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Most articles on options go into detail in selecting a particular stock and then offer a simple option play for that stock. In contrast to that style, I try to provide the reader with non-standardized option strategies to add to their arsenal, ready to be deployed by the reader at the appropriate time and with the stock of their choosing.

Before I detail the "Option Triangle," I must stress the importance of THESIS. The first step in any investment plan has to start with the investor's view of the overall market and the particular stock.

The "Option Triangle" is a strategy that can be used when the investor is looking to go long an underlying stock, but wants to be cautious. In short, the investor is confident in the long run, but less confident in the short run. Sort of like "putting your toes in the water".

Now, Apple (NASDAQ:AAPL) can fit this mold. It is dominant in the field and fairly or possibly under-priced. On the other hand, it is subject to the overall market, which may not be as friendly.

A simple strategy that many investors use in situations such as this is the covered call. This consists of a long position and selling a call against the long position. The "triangle option" is a variation that bifurcates the long position. It has three legs as follows:

1. Buy an ATM far-dated call. AAPL is trading at $572 and I choose the April 2013 $570 call for a cost of $70.75.

2. Sell an OTM put. The strike price is chosen by calculating enough premium credit to recover, by selling a put each month through April 2013, the cost of the far-dated call from STEP ONE. There are ten months till the expiry of the April 2013 call, so that means a strike price that will generate about $7 each month.

We don't have quite a full month till the July expiry, so I'll choose the $550 strike that credits $6.40. Close enough. Of course, on each successive month the strike price may vary depending upon the movement of AAPL, but is likely to be at least $25 below AAPL's then current trading price.

These first two legs make up what I call a "calendar synthetic" long. It is important to understand how they work together, so you can judge the relevance of the strategy.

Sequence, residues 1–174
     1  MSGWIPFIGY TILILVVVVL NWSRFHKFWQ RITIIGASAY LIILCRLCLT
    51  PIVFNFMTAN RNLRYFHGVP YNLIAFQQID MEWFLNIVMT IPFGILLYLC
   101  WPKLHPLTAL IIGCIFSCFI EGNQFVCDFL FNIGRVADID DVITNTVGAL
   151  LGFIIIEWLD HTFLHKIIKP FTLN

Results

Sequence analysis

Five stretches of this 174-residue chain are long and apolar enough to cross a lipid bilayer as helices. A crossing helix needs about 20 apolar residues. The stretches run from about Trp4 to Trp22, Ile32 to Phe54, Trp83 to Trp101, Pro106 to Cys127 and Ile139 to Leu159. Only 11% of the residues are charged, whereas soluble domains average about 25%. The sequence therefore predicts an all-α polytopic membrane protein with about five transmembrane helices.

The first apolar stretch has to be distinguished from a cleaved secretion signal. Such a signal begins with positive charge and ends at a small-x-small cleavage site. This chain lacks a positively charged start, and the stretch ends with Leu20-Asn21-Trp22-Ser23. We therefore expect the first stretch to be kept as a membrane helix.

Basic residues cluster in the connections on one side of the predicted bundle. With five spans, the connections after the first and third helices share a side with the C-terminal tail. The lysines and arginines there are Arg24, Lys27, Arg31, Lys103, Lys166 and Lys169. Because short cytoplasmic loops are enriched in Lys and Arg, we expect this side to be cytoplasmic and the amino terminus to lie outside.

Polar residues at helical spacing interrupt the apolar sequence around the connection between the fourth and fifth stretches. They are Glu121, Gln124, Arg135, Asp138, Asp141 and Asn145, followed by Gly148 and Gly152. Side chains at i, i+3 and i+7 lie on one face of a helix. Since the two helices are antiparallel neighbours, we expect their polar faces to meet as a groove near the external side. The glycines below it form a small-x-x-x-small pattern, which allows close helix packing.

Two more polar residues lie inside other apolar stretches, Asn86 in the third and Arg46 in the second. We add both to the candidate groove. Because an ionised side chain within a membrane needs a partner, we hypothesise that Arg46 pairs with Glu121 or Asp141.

When one buys an ATM call, the ATM call will, initially, move up one-half the move of the underlying. The more the underlying moves up, the more the call moves ITM and will steadily increase the percentage it moves; to, say, 60%, 70%, 80%, etc. If the underlying falls, the call moves OTM and the reverse holds true with say a 40% loss of the down-move. Now, as far as the OTM put that is sold, for simplicity, I'll assume the reader knows how the OTM put works.

Combining these two features gives us the following result as of the July put expiry:

1. AAPL goes nowhere. The put is a $6.40 gain, the call loses a little time decay. Not too much, for an overall net gain between $5-$6.

2. AAPL falls, modestly. If AAPL falls less than $14 (stays above $550)the call will lose one-half while the put gains $6.40. Overall, some gain. Contrast this with a pure long position which would have lost the entire down-move.

3. AAPL falls BIG. The call loses somewhat less than one-half the drop. If AAPL moves below the OTM put strike of $550, the put starts to "give-back" some of the $6.40 and if the drop is below $543.60, the put also has losses.

So, let's say AAPL falls to $515. That's a $57 drop and the April call will lose, say, $27. The put has also lost $28.60 ($550 strike minus $515 plus $6.40 credit). Total combined loss is $55.60. This is the approximate "break even" point compared to an outright long stock position. Thereafter, this "calendar synthetic long" will lose 150% of the down move.

4. AAPL moves up. The April call will gain one-half the move and the OTM put is a $ 6.40 gain. The reader can do the math, but the upside "break-even" is approximately $590. Thereafter, the "synthetic calendar long" gains only slightly more than 65% of any continued up-move.

Looking at all possible outcomes of these first two legs (the "calendar synthetic long") some upside is traded for downside protection. This fits the thesis.

I promised you a "Triangle Strategy," and that means a third leg. Well, this part, at least, is pretty simple. It is the covered call for the "synthetic long". This is always a problem with a hi-beta stock like AAPL. On the one hand you want protection against a down move yet not lose on a big run-up.

Keeping in mind that there is reasonable down-side protection afforded by virtue of the first two legs, this call should be sold somewhat further OTM than you would normally consider. So, if you would have sold a call at $600, I'd look to $620.

So, there you have it, a "Triangle Strategy". A straddle making up two sides and the far-dated call making up the third.

Conclusion: When the investor is optimistic about a stock, but wants to proceed with some caution (more so for market concerns rather than that particular stock) a "triangle strategy" may be a good alternative.

"Tweak" = If you think a big uptick is likely (say around earnings release) you may want to consider delaying the third leg (selling the call) or selling the put closer to-the-money, or, for that matter, both. If you were pessimistic, sell either the call closer to-the-money or the put further OTM.

This could be done any time a monthly expiry comes into play.

Disclosure: I am long AAPL. I buy and sell puts and calls on AAAAPL

Source: Apple And The Triangle Option